- New Orleans is about to be overrun by Jake Shears and other sexy book nerds
- It’s official! LA Pride parade canceled, replaced with protest march
- New Orleans holds a “reverse parade” opposing Trump’s antigay agenda in powerful must-see video
- Winter wonderland: seven hotspots to hit the slopes this winter
- The world’s 12 gayest hot spots to ring in the New Year
- Wanna get away? Hit one of these sultry gay beaches this winter
- 9 ways San Francisco created hippie–then hipster–fashions for the world to enjoy
- PHOTOS: And the winners of the 2016 ‘Best Of GayCities’ awards are…
- PHOTOS: The annual Santa Speedo Run holiday tradition lives on
- What’s the best up-and-coming gay city in the world? You decide.
- What Is The Gayest ‘Hood In The World? You Decide.
- They Go Low, We Give $$: Ten Great LGBTQ Charities To Support In Desperate Times
- 5 Great Las Vegas Shopping Malls That Won’t Break The Bank (Unless You Want To)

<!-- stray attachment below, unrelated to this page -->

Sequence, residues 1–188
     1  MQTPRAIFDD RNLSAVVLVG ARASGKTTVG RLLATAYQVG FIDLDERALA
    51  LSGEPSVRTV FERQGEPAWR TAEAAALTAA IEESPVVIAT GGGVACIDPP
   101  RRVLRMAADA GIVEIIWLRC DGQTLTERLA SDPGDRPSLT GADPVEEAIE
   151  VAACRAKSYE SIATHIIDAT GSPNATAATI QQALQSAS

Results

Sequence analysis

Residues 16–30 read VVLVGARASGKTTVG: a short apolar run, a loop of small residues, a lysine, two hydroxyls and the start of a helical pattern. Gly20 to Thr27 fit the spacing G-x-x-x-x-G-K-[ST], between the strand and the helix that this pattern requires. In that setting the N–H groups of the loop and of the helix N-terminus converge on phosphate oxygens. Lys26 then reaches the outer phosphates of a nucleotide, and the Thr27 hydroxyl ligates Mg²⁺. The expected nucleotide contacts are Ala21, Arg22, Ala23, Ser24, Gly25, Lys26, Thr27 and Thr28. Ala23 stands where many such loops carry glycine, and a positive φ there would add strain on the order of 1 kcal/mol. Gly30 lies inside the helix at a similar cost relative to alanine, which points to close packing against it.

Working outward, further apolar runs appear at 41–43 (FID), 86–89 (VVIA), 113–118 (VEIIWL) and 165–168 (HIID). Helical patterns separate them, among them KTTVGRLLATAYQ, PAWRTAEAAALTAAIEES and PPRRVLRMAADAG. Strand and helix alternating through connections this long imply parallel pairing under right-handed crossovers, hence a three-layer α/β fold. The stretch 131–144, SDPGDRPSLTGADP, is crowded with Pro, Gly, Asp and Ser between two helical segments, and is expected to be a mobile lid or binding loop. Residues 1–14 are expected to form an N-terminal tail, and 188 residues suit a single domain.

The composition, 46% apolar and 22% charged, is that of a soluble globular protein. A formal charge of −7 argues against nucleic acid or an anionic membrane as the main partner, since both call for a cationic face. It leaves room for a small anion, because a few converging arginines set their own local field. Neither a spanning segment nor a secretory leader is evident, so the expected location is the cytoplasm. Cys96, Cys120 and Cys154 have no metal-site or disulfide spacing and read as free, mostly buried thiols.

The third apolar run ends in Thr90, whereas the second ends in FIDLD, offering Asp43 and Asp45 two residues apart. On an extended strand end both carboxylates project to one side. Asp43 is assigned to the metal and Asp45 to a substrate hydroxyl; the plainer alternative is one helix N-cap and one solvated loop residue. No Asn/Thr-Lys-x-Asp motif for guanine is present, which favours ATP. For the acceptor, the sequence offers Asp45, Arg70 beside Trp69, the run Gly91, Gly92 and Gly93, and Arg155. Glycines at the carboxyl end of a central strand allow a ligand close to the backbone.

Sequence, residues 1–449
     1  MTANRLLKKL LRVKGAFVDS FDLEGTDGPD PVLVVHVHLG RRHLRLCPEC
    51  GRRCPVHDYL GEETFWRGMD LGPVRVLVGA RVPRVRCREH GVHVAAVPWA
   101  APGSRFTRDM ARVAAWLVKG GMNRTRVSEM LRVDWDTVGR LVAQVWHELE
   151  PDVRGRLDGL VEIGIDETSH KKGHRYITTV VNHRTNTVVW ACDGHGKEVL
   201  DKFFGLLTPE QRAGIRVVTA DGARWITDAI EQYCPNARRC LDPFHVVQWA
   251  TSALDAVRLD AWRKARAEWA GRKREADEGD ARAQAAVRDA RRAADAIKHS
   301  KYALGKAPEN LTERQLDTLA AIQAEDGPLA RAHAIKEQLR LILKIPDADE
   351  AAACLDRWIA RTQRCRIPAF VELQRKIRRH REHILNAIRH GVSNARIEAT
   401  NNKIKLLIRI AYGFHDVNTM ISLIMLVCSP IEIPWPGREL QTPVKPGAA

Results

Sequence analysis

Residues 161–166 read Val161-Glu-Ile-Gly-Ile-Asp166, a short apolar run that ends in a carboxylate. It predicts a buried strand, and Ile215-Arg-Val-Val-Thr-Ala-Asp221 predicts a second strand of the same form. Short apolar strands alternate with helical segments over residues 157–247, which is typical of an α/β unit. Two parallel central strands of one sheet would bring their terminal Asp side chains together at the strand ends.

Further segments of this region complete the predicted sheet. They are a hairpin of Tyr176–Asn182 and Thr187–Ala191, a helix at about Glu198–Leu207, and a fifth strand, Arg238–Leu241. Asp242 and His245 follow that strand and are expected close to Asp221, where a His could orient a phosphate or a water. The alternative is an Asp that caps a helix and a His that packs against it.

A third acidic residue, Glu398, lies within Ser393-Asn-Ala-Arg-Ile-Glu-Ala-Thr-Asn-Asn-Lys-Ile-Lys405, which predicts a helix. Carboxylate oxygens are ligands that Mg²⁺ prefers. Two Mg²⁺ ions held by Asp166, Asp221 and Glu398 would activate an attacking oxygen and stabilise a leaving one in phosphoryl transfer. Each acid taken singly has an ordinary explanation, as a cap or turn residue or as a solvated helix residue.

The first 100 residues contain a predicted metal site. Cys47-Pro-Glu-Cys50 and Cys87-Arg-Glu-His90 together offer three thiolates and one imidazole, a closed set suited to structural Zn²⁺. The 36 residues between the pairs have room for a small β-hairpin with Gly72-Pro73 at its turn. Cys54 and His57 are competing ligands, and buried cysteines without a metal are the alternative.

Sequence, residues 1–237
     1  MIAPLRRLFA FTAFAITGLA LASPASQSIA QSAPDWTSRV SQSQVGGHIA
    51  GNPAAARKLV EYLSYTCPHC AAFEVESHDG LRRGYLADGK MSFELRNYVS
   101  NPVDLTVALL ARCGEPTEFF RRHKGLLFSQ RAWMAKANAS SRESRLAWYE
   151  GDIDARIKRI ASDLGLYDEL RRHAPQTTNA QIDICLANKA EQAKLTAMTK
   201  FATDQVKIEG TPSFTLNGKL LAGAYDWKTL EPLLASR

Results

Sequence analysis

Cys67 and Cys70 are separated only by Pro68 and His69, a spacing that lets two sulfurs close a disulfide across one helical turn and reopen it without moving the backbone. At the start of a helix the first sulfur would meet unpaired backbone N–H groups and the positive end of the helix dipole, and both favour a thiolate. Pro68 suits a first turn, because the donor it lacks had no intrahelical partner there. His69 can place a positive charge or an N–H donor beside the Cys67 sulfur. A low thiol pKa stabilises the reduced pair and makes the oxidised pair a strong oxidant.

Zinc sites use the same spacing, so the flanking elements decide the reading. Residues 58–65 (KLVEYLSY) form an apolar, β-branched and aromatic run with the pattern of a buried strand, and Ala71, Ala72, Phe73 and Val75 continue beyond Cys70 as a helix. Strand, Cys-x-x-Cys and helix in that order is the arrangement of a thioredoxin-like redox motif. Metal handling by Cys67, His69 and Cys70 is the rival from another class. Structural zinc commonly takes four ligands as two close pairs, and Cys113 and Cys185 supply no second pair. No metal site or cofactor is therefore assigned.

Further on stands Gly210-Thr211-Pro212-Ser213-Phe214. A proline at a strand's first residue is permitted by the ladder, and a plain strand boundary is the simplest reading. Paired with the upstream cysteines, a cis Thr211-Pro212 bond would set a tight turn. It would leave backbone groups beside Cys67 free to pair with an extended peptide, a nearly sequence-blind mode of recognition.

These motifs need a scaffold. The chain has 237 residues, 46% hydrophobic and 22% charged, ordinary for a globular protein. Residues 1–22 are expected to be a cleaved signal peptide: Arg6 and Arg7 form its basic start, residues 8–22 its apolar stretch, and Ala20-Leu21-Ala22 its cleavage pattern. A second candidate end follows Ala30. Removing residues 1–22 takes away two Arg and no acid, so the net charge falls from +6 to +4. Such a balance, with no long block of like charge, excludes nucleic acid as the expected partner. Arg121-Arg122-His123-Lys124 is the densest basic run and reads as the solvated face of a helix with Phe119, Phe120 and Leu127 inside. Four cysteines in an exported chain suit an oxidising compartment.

- Here are the winners of two special Best of GayCities, 2016, honors…
- What Is The Gayest City In The World In 2016?
Search the blog
POPULAR TAGSSan Francisco Theater pride haus New York City London Pride travel Chicago Los Angeles GayCities Photos Jeffrey James Keyes party haus Fire Island gay travel Las Vegas Washington DC New York Marriage Equality Miami
PHOTOS: An Exclusive Peek Inside The Estate of Leonard Fink
May 27, 2014
In June 1993, the Estate of Leonard Fink donated a photographic collection to The Center in New York City through its executor, Steven E. Bing. The materials in the Fink Estate was willed to four AIDS related organizations who gave all of the rights to the photos to the Center Archive. Some of these were signed “Len Elliot,” which might have ben a pseudonym of Fink’s. The collection consists of over 25,000 negatives and images capturing Greenwich Village and much of the spirit of the late 60s and 70s. Some of the most well known images in the collection are Fink’s work at “The Piers” along the Hudson River. Fink documented over 25 years of gay life in New York City but his photography was never exhibited or published in his lifetime. He was self taught and used an old 35mm camera while working out of a homemade darkroom in his West 92nd Street apartment. Rich Wandel, an Archivist and Historian for The Center’s National History Archive is currently working on a book of Fink Images that will be released later this summer.
Photography by Leonard Fink, Courtesy of The Center